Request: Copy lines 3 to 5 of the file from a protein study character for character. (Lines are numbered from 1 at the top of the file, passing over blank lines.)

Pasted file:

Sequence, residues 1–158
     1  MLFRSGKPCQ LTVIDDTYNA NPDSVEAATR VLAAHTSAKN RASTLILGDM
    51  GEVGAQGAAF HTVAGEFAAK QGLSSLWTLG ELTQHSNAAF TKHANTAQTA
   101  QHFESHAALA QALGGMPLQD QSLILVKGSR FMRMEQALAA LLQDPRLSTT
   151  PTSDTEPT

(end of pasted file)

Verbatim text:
    51  GEVGAQGAAF HTVAGEFAAK QGLSSLWTLG ELTQHSNAAF TKHANTAQTA
   101  QHFESHAALA QALGGMPLQD QSLILVKGSR FMRMEQALAA LLQDPRLSTT
   151  PTSDTEPT